Deep Energy Retrofit Pilot Program
Reducing greenhouse gas (GHG) emissions from existing buildings plays a key role in helping B.C. meet its climate action goals. We developed the Deep Energy Retrofit Pilot Program to improve the building envelopes and mechanical systems of 20 homes and four multi-unit residential buildings across the province. The goal of this pilot is to reduce their energy use and associated GHG emissions by at least 50 per cent.
What’s a deep energy retrofit?
A deep energy retrofit aims to improve the energy performance of existing homes and buildings using a holistic approach that targets improvements in two major areas:
- the building envelope (including walls, windows, doors, and insulation)
- mechanical systems (heating, hot water and ventilation)
Deep energy retrofits help make the whole building more airtight and well-insulated as well as upgrading mechanical systems to high efficiency. The goal is to reduce whole-building energy use by at least 50 per cent.
Why are deep energy retrofits a priority now?
Many existing homes and buildings in B.C. were not built for optimal energy efficiency, especially those built before the adoption of the National Energy Code for Buildings in the 1990s. These thousands of homes and buildings are expected to be occupied and used for years to come. And in response to climate change, we need to not only reduce their energy use and GHG emissions but also make them more comfortable and safer to live in through more frequent extremes of hot and cold weather.
Communities need to significantly lower GHG emissions from existing buildings to achieve net-zero climate action goals, and deep energy retrofits are a way to do that.
Customers who choose to sign up for low-carbon and renewable gases1 such as Renewable Natural Gas2 can help reduce greenhouse gas emissions even further.
Deep energy retrofit pilot participants
The deep energy retrofit pilot involves 20 single-family homes and four multi-unit residential buildings across B.C., including the Lower Mainland, Vancouver Island, Okanagan and Kootenays. The pilot aims to:
- demonstrate a variety of energy reduction approaches and technologies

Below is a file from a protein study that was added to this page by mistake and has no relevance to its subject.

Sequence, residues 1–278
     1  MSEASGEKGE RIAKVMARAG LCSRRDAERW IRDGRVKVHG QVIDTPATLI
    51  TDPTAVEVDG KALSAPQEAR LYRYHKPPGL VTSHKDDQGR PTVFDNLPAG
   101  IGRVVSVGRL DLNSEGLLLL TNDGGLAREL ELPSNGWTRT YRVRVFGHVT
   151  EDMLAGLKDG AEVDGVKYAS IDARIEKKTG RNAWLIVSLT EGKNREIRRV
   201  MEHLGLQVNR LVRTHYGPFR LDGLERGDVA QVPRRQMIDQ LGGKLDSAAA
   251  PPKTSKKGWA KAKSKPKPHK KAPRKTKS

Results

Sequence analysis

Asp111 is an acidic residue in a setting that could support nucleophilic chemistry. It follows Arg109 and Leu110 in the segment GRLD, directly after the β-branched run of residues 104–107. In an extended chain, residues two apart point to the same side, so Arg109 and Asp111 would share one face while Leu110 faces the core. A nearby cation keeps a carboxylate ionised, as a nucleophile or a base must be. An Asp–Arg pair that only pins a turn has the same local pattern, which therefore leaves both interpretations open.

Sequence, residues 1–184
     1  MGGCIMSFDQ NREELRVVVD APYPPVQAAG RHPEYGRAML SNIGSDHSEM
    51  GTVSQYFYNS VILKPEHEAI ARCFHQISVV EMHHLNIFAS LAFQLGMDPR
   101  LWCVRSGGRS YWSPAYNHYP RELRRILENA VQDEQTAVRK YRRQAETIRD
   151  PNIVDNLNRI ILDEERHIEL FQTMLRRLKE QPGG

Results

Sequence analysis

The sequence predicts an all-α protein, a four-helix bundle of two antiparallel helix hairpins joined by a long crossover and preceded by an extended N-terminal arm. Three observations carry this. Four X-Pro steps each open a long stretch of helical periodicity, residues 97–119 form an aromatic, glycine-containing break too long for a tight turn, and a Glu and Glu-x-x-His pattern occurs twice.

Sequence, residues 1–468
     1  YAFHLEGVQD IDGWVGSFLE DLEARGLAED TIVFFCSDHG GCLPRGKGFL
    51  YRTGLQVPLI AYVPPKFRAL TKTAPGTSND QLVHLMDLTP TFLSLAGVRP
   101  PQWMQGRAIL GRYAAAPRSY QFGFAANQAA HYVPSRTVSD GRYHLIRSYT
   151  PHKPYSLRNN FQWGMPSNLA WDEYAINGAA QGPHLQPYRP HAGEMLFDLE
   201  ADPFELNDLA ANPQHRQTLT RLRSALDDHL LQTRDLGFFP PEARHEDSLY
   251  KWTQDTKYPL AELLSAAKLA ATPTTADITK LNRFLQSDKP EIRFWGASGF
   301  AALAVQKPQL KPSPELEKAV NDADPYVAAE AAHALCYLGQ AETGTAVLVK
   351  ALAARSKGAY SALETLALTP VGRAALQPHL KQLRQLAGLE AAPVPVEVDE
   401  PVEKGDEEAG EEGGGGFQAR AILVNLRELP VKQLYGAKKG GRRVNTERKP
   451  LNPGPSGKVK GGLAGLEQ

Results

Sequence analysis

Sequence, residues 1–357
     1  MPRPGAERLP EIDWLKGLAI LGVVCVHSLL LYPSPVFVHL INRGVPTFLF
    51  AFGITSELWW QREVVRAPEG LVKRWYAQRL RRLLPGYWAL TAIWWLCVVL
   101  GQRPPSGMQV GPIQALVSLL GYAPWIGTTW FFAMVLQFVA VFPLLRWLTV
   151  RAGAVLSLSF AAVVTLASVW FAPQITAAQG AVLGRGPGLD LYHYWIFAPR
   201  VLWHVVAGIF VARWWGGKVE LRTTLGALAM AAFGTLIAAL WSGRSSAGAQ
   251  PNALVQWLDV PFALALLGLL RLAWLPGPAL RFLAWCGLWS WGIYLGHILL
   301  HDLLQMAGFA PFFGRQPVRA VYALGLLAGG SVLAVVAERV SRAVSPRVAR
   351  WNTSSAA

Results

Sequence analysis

- verify energy use and emissions reductions
- identify any issues with implementation or customer acceptance in real-world, lived-in homes and buildings
We hope the information gathered through this pilot supports the development of a larger-scale deep energy retrofit program for all of our customers.
The 20 participating single-family homes in this pilot were built between the 1920s and 1990s. Each home receives a professional energy evaluation to determine the most cost-effective improvements for their unique situation and needs. Most homes in the program will receive a comprehensive retrofit package that includes:
- new energy-efficient windows and doors
- added insulation in walls, attic and/or basement or crawlspace (if required)
- improved airtightness and air sealing
- new high-efficiency furnace or boiler
- new heat recovery ventilation system
Some participants will receive additional energy conservation measures such as:
- additional wall insulation
- exterior cladding
- hybrid heating system (electric air source heat pump and high-efficiency gas furnace)
Of the four multi-unit residential buildings in the pilot, two are rental apartment buildings and two are non-profit housing buildings, and all were built in the 1970s. Each building undergoes detailed energy evaluations to determine which upgrades will be installed, as well as measurement and verification of energy savings after installation.
Project partners and implementation consultants are working together to help minimize disruptions to people who live in these buildings during the retrofit process.
Building type: concrete high-rise, non-profit housing
Project partners: Pendrellis Society, Terra Property Management, City of Vancouver, BC Housing, BC Non-Profit Housing Association
Building type: concrete high-rise, rental apartments
Project partners: Bentall Green Oak
Location: North Vancouver
Building type: low-rise, non-profit housing
Project partners: Metro Vancouver Housing Corporation, Pembina Institute
Building type: low-rise, rental apartments
Project partners: Kelson Group, Landlord BC
1FortisBC uses the term renewable and low-carbon gas to refer collectively to the low-carbon gases or fuels that the utility can acquire under the Greenhouse Gas Reduction (Clean Energy) Regulation, which are: Renewable Natural Gas (RNG or
biomethane), hydrogen, synthesis gas (from wood waste) and lignin. FortisBC’s renewable and low-carbon portfolio currently includes only renewable natural gas. Other gases and fuels may be added to the program over time. Depending on their source, all of these
gases have differing levels of lifecycle carbon intensity. However, all of these gases are low-carbon when compared to the lifecycle carbon intensity of conventional natural gas. The current burner tip carbon intensity of RNG is 0.29gCO2e/MJ
and the current RNG portfolio lifecycle emissions are -22gCO2e/MJ. This is below B.C.’s carbon intensity threshold for low-carbon gases of 36.4 gCO2e/MJ set out in the 2021 B.C. Hydrogen Strategy
2Renewable Natural Gas is produced in a different manner than conventional natural gas. It is derived from biogas, which is produced from decomposing organic waste from landfills, agricultural waste and wastewater from treatment facilities. The biogas is captured and cleaned to create Renewable Natural Gas (also called biomethane).